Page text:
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I have put my words in thy mouth, and have hid thee in the shadow of mine hand, that I may plant the heavens, and lay the foundation of the earth, and say to Zion thou art my
people. Isaiah, li. 16. Of this remarkable passage, they have missed the meaning in all the antient versions ; not through inattention or ignorance of the task in which they were engaged, but merely as it would seem, from seeing set forth in the original, that as a future act, which they imagined was now past—the creation of the heavens and the earth. In another part of the same prophet, they might have seen that the Almighty had given notice, he was “ to create new heavens and new earth, and that the former should no more be remembered or come into mind.” Accordingly the Septuagint, which has led the way to the other versions, has rendered the passage in this manner, " I will put my words in thy mouth, and under the shadow of my hand will I cover thee, by which [hand] I established the heavens, and laid the foundation of the earth.” In the original, the end of hiding them in the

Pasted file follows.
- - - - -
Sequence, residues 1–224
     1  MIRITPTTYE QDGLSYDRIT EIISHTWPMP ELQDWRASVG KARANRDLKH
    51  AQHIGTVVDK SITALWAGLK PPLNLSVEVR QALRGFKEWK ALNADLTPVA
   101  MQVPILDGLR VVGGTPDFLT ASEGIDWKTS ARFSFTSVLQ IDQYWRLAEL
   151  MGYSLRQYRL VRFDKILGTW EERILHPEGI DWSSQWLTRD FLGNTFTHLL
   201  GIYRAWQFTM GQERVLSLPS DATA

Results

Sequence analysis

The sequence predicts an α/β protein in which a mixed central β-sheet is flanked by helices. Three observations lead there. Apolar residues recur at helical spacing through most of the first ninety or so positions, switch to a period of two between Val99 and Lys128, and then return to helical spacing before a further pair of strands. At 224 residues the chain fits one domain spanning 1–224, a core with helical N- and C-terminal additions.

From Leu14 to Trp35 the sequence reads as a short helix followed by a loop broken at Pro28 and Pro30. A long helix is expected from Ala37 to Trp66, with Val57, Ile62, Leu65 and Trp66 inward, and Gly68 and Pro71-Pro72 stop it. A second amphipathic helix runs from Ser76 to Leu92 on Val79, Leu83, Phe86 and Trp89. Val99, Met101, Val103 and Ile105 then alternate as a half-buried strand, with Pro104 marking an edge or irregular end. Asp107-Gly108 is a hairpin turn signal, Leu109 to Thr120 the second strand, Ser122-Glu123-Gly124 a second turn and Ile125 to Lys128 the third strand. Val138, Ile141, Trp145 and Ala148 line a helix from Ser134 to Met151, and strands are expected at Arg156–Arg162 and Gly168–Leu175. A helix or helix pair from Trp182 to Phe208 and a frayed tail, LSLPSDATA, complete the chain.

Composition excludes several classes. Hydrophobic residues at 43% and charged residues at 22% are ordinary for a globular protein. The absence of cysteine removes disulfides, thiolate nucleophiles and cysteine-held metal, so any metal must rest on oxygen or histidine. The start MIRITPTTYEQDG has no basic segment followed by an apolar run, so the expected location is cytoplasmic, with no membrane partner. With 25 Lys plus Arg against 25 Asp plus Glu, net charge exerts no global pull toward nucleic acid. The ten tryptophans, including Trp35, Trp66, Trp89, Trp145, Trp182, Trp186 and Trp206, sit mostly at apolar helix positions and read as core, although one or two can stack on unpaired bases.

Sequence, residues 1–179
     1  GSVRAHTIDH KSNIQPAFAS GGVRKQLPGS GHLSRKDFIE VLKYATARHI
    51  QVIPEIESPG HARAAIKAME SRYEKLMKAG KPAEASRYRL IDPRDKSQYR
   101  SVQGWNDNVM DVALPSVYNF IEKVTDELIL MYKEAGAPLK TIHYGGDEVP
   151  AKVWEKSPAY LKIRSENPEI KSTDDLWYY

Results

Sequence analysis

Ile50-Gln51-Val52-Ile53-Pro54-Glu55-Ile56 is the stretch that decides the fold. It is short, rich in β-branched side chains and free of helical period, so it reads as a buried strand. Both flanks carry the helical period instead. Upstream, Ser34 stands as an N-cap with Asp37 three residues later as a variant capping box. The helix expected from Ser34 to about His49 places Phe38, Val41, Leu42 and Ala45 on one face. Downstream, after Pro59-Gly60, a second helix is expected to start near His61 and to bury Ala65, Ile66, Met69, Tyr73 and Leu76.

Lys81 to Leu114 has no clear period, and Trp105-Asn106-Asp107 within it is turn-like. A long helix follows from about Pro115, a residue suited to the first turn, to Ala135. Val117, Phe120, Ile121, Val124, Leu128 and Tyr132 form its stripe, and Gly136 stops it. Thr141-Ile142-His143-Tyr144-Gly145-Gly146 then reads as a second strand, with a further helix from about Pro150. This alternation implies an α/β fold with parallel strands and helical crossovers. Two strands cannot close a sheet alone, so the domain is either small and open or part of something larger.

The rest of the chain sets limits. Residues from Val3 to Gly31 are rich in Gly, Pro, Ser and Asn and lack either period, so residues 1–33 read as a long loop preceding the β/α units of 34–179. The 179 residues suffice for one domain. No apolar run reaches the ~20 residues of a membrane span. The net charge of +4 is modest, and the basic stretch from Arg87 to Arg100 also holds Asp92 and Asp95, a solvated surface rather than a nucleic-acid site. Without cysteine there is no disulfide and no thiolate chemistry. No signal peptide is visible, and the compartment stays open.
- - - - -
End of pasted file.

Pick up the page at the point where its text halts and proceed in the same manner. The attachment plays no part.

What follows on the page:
shadow of his hand, is strongly marked. It is for the planting of the heavens, for the founding of the earth, and for to say to Zion thou art my people.
In the language of figure, the shadow denotes power and protection. To trust in the shadow of Egypt, means to rely on the protection of Pharoah. “ If in truth ye anoint me king over you, then come and put your trust in the shadow of my wings,” were the words of the bramble to the trees, which had assembled to elect a king. Judges, ix. 15.